Failure Index (PRFI)
<20 207 (51.4)
20 to 27 125 (31.0)
28 to 40 53 (13.2)
>40 18 (4.5)
Revised Cardiac Risk
Index (RCRI)
Class I 98 (24.3)
Class II 199 (49.4)
Class III 80 (19.9)
Class IV 26 (6.5)
Logistic organ
dysfunction score
(N = 40 ICU patients)
1 12 (24.0)
2 to 4 22 (44.0)
5 to 7 11 (22.0)
8 to 10 5 (10.0)
Body mass index, kg/m2 <30 236 (58.6)
30 to 40 119 (29.5)
41 to 50 32 (7.9)
>50 16 (4.0)
FEV-1 (L), mean (SD) 2.19 (0.75)
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D. J. Kutsogiannis et al. / Open Journal of Nursing 2 (2012) 289-300
Copyright © 2012 SciRes.
4.2. Mortality, Respiratory and Cardiac
Five patients (1.2%) died within 30 days of their opera-
tion, 12 (3.0%) met the criteria for postoperative respira-
tory failure at 48-hrs, 16 (4.0%) required an unplanned
intubation at any time postoperatively and 27 (6.7%)
suffered at least one major cardiac event post-operatively.
Nine of the 16 (56.3%) who required an unplanned intu-
bation were allocated to and received an ICU bed imme-
diately postoperatively whereas the remaining 7 (43.7%)
received high intensity or surgical ward care immediately
postoperatively. An increasing PRFI was associated with
an increasing RCRI (P = 0.0001). There was a significant
association between the PRFI and 30-day mortality (P =
0.04), respiratory failure (P < 0.0001), and unplanned
intubation (P = 0.005). Both the incidence of cardiac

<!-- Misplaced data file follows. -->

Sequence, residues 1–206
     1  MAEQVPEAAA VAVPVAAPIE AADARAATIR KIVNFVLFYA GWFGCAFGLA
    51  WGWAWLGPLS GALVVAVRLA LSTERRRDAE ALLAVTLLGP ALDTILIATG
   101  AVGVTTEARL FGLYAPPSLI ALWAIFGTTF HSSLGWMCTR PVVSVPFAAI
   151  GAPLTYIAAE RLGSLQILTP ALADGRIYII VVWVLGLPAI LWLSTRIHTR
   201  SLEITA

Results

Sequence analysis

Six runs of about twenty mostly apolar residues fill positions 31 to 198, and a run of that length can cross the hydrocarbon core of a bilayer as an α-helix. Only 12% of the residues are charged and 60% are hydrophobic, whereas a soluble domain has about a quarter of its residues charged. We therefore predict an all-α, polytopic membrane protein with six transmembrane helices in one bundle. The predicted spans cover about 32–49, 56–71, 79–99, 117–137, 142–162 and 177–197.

events as measured by the cardiac composite score (P <
0.0001) and the incidence of hypertension (P < 0.0001)
increased with each increasing level of PRFI. The me-
dian [mean] (4.0 [6.7] versus 9.2 [16.4] days) hospital
length of stay increased significantly between the PRFI-
I/II group (score 0 to 20) and the PRFI-V group (score >
40) (P < 0.001). There was no association between RCRI
score and hospital mortality (P = 0.43), 30-day mortality
(P = 0.43), or the development of respiratory failure (P =
0.21). However, there was an association between re-
quiring an unplanned intubation and increasing RCRI
score (P = 0.03). As expected, a significant association
did exist between an increasing RCRI score and both the
cardiac composite outcome (P = 0.0001) and postopera-
tive hypertension (P = 0.05) (Table 2). The 5 patients
who died within 30 days of their operation had a signifi-
cantly higher mean PRFI (35.4 versus 18.3, P = 0.001),
and were significantly more likely to have undergone an
unplanned intubation (40% versus 3.5%, P = 0.003) than
surviving patients. The etiology of death in these five
patients included myocardial infarction, peritonitis, and
multisystem organ failure and the preoperative allocation
of an ICU bed by “expert opinion” was not associated
with 30-day mortality (P = 0.19).
“Expert opinion”, RCRI, PRFI, BMI, and FEV1 were
included in logistic regression models predicting 30-day
mortality, development of respiratory failure, unplanned
intubation, mortality or cardiac composite score 1, and
respiratory failure or cardiac composite score 1. Only
the PRFI score (OR 1.11, 95% CI 1.04 - 1.19) remained
significantly predictive of 30-day mortality in the multi-
variable model. However only “expert opinion” (OR
28.70, 95% CI 7.44 - 110.70) independently predicted
postoperative respiratory failure. Revised cardiac risk in-
dex (OR 2.00, 95% CI 1.12 - 3.57), PRFI (OR 1.06, 95%
CI 1.01 - 1.11) and BMI (OR 1.07, 95% CI 1.02 - 1.12)